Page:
Sony Pictures announced Thursday, November 12, 2020 that it was purchasing Pure Flix’s evangelical Christian video-streaming service launched in 2015 as a family-friendly competitor to Netflix.
The streaming service will become part of Sony’s Affirm Entertainment, which also includes Affirm Films, the division responsible for popular faith-based films like “Miracles From Heaven,” “War Room” and last year’s “Overcomer.”
“Pure Flix is a natural fit with our Affirm brand, which is known for its high quality, uplifting, inspirational content,” said Keith Le Goy, Sony president of Networks and Distribution, in a statement to the LA Times.
“Pure Flix has done an amazing job building a robust community of engaged subscribers, and we look forward to continuing to grow and delight audiences with well-curated faith and family entertainment,” the statement continued.
Pure Flix was founded in 2005 as an evangelical Christian entertainment production company before expanding into video streaming.
Actor Mike Vogel portrays Lee Strobel in “The Case for Christ,” which premiered in theaters in 2017. Photo courtesy of Pure Flix Entertainment
The Scottsdale, Arizona-based company has produced the “God’s Not Dead” series and a 2017 adaptation of author Lee Strobel’s “The Case for Christ.” The production side is not part of its deal with Sony.
The streaming service describes its programming as “safe” and “Christ-centered.” That includes not just overtly Christian TV shows and movies, like those produced by Pure Flix, but also what it calls “clean classics”: among them, “The Dick van Dyke Show,” “The Beverly Hillbillies,” Shirley Temple’s “A Little Princess” and a number of Westerns like John Wayne’s “Angel and the Badman.”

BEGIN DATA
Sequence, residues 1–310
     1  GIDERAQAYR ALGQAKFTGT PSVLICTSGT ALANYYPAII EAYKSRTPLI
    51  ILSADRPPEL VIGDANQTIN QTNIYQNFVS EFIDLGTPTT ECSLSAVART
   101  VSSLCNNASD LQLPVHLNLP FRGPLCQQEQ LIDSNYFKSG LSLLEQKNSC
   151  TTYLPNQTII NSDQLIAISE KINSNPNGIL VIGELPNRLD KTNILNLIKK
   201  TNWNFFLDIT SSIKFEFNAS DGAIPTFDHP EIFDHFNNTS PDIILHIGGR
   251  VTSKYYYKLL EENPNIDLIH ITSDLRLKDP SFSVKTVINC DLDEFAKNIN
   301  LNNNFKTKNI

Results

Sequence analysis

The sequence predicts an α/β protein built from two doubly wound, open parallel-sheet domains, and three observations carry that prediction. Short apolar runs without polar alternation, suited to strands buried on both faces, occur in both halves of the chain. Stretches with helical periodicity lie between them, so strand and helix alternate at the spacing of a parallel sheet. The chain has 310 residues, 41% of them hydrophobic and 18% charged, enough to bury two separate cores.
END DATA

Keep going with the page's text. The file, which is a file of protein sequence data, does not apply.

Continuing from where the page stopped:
Its mission, according to its website, is “to create God-honoring entertainment that strengthens the faith and values of you and your family.
“Let’s inspire together to be a transformational voice in entertainment that is free from uncomfortable surprises for you and your family. Feel at ease with a safe place for streaming.”
Membership plans begin at $6.95 per month for a yearly subscription.
Neither Pure Flix nor Sony has disclosed financial details of the sale, according to the LA Times.
Pure Flix confirmed on its blog Thursday that its CEO, Michael Scott, and co-founder and chief content officer, David A.R. White, who often appears in its films, will join Affirm to develop future programming for the streaming service.
“Get ready for an even better experience of faith-based family content, and an even greater ability to influence the culture for Christ,” reads the post on its website.
The LA Times reported faith-based films have “proved reliably profitable” for Sony. The latest film by Alex and Stephen Kendrick, “Overcomer,” was filmed on a $5 million budget and brought in $38 million last year. “Miracles in Heaven,” which starred actress Jennifer Garner, grossed $74 million worldwide on a $13 million budget.
Major film studios have taken an interest in such movies since the Kendricks Brothers’ 2006 surprise hit “Facing the Giants,” filmed with the help of the church they pastored at the time, showed evangelical Christians were eager to support entertainment that affirmed their faith and values in ways they felt mainstream Hollywood films did no